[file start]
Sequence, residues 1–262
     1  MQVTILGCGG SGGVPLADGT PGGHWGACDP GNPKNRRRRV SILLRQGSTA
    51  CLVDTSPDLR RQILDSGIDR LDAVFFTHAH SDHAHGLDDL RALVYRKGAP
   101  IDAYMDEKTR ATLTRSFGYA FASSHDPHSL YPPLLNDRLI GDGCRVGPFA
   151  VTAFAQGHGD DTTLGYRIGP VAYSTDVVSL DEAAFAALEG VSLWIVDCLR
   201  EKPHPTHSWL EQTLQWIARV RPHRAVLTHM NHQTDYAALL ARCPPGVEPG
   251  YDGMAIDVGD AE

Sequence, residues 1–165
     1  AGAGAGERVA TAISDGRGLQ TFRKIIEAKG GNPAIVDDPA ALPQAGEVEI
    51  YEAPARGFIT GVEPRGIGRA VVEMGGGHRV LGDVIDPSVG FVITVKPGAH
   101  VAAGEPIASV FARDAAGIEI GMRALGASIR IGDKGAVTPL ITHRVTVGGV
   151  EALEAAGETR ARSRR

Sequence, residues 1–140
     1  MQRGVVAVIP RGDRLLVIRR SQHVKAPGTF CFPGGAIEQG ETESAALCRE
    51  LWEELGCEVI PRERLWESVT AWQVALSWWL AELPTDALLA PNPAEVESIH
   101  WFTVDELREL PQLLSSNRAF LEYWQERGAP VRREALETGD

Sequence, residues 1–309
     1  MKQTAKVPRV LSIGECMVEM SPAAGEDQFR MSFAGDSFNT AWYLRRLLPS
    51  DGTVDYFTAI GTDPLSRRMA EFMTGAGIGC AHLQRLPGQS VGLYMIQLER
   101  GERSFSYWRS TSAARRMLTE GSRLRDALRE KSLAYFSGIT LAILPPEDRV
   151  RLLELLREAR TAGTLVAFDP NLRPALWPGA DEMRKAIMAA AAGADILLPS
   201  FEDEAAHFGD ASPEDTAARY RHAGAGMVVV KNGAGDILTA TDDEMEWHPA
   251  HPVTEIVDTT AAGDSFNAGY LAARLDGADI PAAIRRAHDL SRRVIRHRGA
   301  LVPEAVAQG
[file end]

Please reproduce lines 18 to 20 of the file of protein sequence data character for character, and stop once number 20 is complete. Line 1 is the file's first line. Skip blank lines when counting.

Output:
     1  MKQTAKVPRV LSIGECMVEM SPAAGEDQFR MSFAGDSFNT AWYLRRLLPS
    51  DGTVDYFTAI GTDPLSRRMA EFMTGAGIGC AHLQRLPGQS VGLYMIQLER
   101  GERSFSYWRS TSAARRMLTE GSRLRDALRE KSLAYFSGIT LAILPPEDRV